A busy manager dealing with the daily cut-and-thrust of business can inadvertently disconnect from the people they need most, making performance reviews an opportunity for effective engagement.
In the words of Henry Ford, ‘Coming together is a beginning. Keeping together is progress. Working together is success’. Working together is exactly what a performance review is all about.
Effective performance reviews allow both parties to sit down and get an understanding of where the business is heading, and more importantly, how the employee can contribute, as well as an opportunity to address issues of under-performance, and areas for improvement. Allocating one-on-one time with employees is an implicit statement of confidence in their value to the business.
Be mindful of setting the right environment
Remember when performance reviews were limited to senior executives of larger companies, often conducted by members of a board? Times have changed and most employees these days are given formal evaluations, at least once a year. Then why does the mere mention of such a process elicit unfounded fears from some staff?
Here are a few ideas to counteract this reaction:
- Ensure an interruption-free, non-confrontational environment.
- Always give plenty of notice.
- If appropriate, allow a friend or colleague to sit in on the meeting.
- Make the employee feel as comfortable and at ease as possible.
Celebrate, then recalibrate
People love to hear about it when they’re doing well and even ‘intangibles’, like a happy disposition, can be of value to a business. Point out an employee’s strengths in the first instance. What have they achieved? How have they improved since the previous review? How do their skills make them valuable to the team? It’s smart to start any meeting on a positive tone, and performance reviews are no different.
Then ‘recalibrate’ by addressing areas for improvement, setting realistic goals, and adjusting the employees’ performance measures to meet these goals.
Remember the adage – one mouth, two ears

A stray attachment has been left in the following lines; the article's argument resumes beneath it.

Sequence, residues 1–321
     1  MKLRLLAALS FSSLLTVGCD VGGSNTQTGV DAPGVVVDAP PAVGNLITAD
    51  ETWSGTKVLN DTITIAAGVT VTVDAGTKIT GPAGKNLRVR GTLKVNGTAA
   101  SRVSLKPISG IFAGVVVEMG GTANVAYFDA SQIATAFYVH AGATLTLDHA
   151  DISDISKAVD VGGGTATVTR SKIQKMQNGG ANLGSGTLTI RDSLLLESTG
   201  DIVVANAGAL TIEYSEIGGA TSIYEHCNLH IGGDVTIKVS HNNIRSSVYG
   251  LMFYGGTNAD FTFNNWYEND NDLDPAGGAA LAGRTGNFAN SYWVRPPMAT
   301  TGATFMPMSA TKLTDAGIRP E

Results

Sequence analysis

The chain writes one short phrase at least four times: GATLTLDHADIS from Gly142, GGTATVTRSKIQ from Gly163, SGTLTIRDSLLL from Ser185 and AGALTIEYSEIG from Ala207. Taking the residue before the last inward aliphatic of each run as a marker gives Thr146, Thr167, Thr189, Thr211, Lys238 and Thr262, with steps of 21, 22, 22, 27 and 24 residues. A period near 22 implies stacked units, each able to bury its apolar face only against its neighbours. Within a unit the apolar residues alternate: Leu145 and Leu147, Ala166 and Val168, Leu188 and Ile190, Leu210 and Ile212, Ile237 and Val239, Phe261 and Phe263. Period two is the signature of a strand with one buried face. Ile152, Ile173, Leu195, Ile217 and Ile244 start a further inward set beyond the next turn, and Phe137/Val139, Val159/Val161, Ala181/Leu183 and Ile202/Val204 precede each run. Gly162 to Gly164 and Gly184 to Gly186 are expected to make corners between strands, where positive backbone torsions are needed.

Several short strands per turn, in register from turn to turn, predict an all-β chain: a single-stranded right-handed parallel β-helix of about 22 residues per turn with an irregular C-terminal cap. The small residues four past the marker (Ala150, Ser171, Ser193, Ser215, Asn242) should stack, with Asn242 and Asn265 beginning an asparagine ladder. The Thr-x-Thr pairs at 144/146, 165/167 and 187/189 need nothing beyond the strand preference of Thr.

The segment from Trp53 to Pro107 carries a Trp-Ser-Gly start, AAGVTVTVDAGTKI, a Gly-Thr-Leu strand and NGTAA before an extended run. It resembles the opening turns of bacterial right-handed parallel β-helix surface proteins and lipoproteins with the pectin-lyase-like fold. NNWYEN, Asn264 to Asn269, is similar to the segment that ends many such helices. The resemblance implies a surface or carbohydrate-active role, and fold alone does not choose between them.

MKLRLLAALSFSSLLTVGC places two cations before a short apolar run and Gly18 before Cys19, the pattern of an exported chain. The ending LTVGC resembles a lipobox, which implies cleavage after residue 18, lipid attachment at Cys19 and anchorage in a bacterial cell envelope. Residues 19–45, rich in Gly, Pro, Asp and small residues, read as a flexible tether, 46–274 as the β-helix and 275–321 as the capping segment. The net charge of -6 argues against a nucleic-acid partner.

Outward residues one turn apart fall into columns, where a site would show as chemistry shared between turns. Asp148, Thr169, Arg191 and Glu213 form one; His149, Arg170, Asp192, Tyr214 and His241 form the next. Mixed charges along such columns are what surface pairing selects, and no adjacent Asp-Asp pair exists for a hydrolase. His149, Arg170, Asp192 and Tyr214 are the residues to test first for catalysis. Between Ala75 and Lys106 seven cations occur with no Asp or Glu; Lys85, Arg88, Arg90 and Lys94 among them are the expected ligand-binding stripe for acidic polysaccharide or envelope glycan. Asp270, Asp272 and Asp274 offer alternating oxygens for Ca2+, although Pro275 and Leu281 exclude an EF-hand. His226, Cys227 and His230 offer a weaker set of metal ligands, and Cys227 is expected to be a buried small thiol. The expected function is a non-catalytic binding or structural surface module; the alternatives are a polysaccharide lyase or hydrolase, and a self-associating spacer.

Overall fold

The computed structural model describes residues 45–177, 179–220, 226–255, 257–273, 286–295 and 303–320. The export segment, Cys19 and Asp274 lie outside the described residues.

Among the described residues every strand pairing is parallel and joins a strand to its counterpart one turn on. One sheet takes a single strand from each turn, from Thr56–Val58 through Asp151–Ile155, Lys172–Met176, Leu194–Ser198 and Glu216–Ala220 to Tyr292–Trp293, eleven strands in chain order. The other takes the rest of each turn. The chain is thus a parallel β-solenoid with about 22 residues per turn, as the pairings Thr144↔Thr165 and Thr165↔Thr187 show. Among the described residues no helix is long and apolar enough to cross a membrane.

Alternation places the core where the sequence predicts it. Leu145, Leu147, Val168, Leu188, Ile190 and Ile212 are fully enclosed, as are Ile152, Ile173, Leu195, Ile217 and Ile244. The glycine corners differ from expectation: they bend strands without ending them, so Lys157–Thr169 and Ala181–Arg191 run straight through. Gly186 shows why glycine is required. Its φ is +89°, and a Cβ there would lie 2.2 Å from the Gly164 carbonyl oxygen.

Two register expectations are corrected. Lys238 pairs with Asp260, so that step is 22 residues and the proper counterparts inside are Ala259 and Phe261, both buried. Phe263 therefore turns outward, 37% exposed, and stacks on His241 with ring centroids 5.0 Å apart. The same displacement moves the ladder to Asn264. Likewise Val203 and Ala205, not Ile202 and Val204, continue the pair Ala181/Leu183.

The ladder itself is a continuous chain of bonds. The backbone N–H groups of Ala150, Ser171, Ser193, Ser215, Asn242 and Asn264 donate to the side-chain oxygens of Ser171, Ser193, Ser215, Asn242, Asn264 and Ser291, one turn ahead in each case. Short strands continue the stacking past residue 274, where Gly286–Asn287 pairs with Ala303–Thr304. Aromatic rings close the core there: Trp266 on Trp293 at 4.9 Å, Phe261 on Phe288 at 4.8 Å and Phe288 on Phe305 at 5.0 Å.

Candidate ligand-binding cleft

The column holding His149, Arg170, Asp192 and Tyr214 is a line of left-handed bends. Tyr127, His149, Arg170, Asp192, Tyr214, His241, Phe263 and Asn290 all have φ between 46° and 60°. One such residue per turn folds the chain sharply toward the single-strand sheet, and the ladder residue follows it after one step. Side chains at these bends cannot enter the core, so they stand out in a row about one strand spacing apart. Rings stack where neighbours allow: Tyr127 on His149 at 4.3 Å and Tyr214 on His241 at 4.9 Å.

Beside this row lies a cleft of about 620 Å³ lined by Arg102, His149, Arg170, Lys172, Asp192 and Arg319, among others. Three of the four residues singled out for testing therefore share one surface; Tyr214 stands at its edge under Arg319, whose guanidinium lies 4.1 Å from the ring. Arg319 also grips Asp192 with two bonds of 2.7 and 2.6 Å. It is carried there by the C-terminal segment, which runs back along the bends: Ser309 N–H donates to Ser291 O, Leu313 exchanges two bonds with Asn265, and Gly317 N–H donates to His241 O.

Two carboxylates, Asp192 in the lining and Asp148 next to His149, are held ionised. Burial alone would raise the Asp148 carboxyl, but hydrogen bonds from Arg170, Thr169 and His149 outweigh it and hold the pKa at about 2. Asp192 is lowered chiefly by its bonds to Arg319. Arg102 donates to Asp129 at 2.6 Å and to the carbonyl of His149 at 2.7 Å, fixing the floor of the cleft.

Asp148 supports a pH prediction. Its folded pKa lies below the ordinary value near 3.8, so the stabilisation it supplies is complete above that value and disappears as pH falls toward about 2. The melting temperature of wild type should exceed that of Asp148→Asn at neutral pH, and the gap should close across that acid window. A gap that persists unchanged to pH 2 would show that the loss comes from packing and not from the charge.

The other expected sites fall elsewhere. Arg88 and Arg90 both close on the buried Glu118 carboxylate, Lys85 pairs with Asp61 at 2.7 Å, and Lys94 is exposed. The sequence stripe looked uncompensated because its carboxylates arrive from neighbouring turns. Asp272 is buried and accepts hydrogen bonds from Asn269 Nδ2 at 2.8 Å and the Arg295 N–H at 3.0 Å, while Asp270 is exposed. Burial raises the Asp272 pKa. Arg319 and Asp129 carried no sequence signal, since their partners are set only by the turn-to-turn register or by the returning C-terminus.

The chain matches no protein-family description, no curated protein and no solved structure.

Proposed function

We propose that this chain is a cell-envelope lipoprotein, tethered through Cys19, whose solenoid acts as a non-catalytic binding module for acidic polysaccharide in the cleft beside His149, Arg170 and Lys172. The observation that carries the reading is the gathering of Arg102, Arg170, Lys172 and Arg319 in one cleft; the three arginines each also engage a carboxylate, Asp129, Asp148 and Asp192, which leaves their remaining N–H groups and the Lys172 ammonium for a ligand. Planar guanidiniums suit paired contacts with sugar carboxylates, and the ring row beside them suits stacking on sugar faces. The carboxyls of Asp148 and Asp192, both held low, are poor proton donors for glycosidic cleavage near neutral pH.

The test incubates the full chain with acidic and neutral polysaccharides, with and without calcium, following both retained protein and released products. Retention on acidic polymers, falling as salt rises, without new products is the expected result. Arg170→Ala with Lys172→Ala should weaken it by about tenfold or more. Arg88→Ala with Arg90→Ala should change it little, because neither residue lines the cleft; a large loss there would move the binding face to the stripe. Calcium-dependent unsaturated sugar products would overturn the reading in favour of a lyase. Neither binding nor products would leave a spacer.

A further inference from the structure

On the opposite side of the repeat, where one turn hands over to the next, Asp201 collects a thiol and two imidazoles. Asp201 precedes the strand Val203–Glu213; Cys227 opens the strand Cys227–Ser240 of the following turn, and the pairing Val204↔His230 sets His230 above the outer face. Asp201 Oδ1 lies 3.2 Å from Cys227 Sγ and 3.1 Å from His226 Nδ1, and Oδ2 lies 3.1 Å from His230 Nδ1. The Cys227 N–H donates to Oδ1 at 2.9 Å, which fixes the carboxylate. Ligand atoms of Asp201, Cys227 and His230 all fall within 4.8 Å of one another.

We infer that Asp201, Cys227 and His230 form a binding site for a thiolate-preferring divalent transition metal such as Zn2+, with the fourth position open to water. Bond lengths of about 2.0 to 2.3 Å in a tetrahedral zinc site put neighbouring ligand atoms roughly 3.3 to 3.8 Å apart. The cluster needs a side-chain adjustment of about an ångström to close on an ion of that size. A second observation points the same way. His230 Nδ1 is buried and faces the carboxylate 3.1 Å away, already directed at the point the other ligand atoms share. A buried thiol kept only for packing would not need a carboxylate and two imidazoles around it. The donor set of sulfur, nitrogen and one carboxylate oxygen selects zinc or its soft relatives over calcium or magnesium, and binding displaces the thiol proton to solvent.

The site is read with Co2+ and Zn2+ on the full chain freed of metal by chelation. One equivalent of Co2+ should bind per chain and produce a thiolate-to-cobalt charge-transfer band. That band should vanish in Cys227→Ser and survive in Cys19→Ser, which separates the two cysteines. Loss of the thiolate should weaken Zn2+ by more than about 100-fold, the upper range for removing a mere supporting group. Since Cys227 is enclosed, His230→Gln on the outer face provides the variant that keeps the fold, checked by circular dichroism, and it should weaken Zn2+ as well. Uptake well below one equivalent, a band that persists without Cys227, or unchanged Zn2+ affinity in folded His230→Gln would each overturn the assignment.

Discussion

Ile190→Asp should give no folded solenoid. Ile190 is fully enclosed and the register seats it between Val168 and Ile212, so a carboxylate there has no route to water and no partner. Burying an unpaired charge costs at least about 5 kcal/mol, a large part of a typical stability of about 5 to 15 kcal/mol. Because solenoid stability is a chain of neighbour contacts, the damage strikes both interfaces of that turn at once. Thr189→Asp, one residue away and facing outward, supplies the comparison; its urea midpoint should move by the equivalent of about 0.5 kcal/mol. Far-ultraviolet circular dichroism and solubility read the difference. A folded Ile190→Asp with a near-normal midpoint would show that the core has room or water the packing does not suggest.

Use your two ears to listen carefully to employee feedback. There’s no point in setting a strategic direction for the company if those charged with the day-to-day machinations aren’t on the same page. Ask open-ended questions and discourage ‘yes’ or ‘no’ answers.
Tips for managing the tough discussions
If under-performance has helped initiate the performance review, it can be a stressful time for both manager and employee. It’s normal for a manager to feel slightly uncomfortable raising difficult issues with colleagues, even subordinates.
There are many ways to approach tough discussions, such as:
- Be clear about what’s expected in the role, and how the staff member is falling short.
- Speak English – using terms such as ‘KPI’ or ‘ROI’ might be common shorthand for some, but that kind of jargon can be confusing and confronting to a person who is already under stress.
- Identify what needs to improve, how it can be improved, and by when. Setting a deadline, and a pre-determined follow-up meeting date is critical to motivation and success.
Always look on the bright side
An evaluation gives both sides an opportunity to be heard. If a staff member is at a point of frustration, then the performance review allows them a chance to explain themselves and understand what’s required. A review can even foster a sense of inclusion that, without a one-on-one discussion, would not be possible to the same degree. Think of an evaluation as an opportunity to better get to know an employee you don’t get to spend much time with. After all, creating time to invest in staff is one of the smartest moves any organisation can make. Keeping valuable staff rewarded, motivated and loyal creates a culture that will ultimately benefit the business, even if the ‘bottom line’ can’t quantify it.
Effective performance reviews will bring sustainable results to your business. Learn to manage them well, and your employees will even start to look forward to them. Consider developing your business communication and management skills with a Diploma of Leadership and Management (BSB51918), or Diploma of Business (BSB50215).